We’ve been spoiled by the Patriots since 2007. From 2007-12, the Patriots averaged 31.4 points per game in the regular season, the most in the NFL. The New Orleans Saints ranked second with 28.6 points per game. The prior three seasons the Patriots averaged more than 30 points per game — 34.8 in 2012 (tops in the league), 34.2 in 2011 (second), and 32.4 in 2010 (first).

Scoring 30 points looks as obtainable for the Patriots right now as scaling the Prudential Tower.

The issue for the Patriots is that the young receivers they’re relying on to catch on, haven’t yet. Brady targeted Dobson and Thompkins 17 times and the two had five receptions. Dobson, who was inactive for the Buffalo game, had three catches for 56 yards and a touchdown. Thompkins had two catches for 47 yards, including a 38-yarder that set up a Stephen Gostkowski field goal that gave the Patriots a 13-3 lead with 5:09 left in the first half.

Those were their last points of the game.

Dobson’s first career catch went for a 39-yard touchdown to give the Patriots a 7-0 lead on the first drive of the game. It should have been, considering there have been people stuck on deserted islands who were closer to human contact.

The Patriots lined up in a formation with Dobson as a wingback on the right side behind Nate Soldier, who was a tackle eligible. After the play-action fake, Dobson was so wide open that even Tim Tebow couldn’t have missed him.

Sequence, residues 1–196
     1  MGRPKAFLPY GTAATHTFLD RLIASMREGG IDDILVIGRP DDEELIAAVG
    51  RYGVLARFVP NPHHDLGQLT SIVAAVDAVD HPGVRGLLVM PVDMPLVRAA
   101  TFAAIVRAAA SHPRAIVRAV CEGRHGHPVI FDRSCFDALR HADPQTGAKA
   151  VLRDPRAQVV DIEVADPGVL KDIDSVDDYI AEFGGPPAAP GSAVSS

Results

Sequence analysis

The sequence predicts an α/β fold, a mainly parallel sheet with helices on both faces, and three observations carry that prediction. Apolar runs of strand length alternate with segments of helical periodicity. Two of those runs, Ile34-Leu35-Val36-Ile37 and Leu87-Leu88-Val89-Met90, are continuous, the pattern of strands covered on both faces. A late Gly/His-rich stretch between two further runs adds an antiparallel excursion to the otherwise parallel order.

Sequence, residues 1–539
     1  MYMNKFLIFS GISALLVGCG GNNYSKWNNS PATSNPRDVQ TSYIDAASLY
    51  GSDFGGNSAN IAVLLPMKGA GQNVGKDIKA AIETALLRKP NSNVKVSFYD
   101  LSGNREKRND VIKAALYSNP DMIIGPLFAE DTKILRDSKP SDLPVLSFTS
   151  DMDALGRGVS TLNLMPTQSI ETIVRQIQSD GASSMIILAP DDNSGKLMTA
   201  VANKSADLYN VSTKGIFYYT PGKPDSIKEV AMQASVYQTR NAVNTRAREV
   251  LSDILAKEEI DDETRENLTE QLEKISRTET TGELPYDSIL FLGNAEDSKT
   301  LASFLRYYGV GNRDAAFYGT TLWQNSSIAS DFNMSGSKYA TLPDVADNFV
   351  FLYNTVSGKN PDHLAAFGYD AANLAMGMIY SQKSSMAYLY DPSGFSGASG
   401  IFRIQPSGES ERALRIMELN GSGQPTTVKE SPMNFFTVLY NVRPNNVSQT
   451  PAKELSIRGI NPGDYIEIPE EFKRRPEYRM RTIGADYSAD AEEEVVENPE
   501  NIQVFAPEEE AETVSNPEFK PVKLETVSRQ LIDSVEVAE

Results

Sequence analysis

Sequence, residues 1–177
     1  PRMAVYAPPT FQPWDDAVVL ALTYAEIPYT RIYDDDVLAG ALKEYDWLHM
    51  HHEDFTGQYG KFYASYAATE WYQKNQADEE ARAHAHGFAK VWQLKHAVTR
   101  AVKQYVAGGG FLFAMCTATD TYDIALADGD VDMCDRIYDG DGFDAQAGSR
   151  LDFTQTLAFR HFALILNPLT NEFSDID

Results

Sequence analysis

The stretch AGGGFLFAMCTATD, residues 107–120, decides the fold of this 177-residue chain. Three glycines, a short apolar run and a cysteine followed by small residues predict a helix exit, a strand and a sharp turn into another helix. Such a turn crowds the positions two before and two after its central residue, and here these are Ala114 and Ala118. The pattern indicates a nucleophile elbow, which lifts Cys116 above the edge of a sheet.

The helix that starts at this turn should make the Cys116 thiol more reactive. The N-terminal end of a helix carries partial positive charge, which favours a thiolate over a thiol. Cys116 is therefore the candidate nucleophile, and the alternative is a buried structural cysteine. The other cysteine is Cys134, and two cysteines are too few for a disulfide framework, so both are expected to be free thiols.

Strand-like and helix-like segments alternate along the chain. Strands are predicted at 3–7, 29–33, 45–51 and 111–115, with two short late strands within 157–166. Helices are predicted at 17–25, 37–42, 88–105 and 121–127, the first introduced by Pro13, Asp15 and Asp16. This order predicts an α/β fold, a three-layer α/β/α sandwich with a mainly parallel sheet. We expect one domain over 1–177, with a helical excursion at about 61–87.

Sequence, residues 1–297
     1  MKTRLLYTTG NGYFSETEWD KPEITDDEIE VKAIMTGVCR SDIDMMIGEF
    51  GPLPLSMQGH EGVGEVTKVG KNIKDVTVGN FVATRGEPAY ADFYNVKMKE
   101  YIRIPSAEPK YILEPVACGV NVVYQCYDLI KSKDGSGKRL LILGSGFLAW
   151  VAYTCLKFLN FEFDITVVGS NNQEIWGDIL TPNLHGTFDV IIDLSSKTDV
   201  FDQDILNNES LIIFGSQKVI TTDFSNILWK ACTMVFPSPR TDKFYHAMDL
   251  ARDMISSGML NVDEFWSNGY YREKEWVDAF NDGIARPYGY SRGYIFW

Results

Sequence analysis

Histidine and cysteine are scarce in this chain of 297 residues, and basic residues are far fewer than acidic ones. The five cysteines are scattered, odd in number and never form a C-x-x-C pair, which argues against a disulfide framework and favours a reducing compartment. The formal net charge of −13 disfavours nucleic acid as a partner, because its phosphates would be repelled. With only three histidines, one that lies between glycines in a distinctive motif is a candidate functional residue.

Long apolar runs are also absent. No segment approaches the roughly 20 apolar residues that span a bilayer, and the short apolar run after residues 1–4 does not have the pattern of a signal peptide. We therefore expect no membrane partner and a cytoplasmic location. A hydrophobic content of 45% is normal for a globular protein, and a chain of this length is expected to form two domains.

It was downhill from there for the passing game, as both Dobson and Thompkins had crucial drops or couldn’t complete big plays.

Dobson had back-to-back drops in the second quarter. He couldn’t corral a pass on an out, and then dropped a beautifully thrown deep ball that would have been a 50-plus-yard completion.

Thompkins appeared to make a tremendous diving 25-yard touchdown catch with 19 seconds left in the half, but it was overturned when video replay showed he used the ground to control the ball. The Patriots ended up attempting a 43-yard field goal on the last play of the half that went wide left.

The drive after the Jets pulled within 13-10 on a Bilal Powell touchdown run with 5:05 left in the third quarter, Thompkins dropped a pass over the middle on third down. That’s the way it went for the Patriots.

“It just doesn’t magically come together. You’ve got to work hard at it, and concentrate,” said a sullen Brady. “All of us have to do a better job of that. The passing game is all about anticipation. They have to anticipate what I’m doing. I have to anticipate what they’re going to do. We can do a better job of that.

“I think it’s unrealistic for them to feel like they can do it like 10-year veterans. That’s not what they are, but they’re trying really hard. They work really hard. They have a lot of skill. They’re great kids. We’ve just got to keep grinding.”

Grind might be the operative word for the Patriots’ offense this season.

Christopher L. Gasper is a Globe columnist and the host of Boston Sports Live. He can be reached at cgasper@globe.com. Follow him on Twitter @cgasper.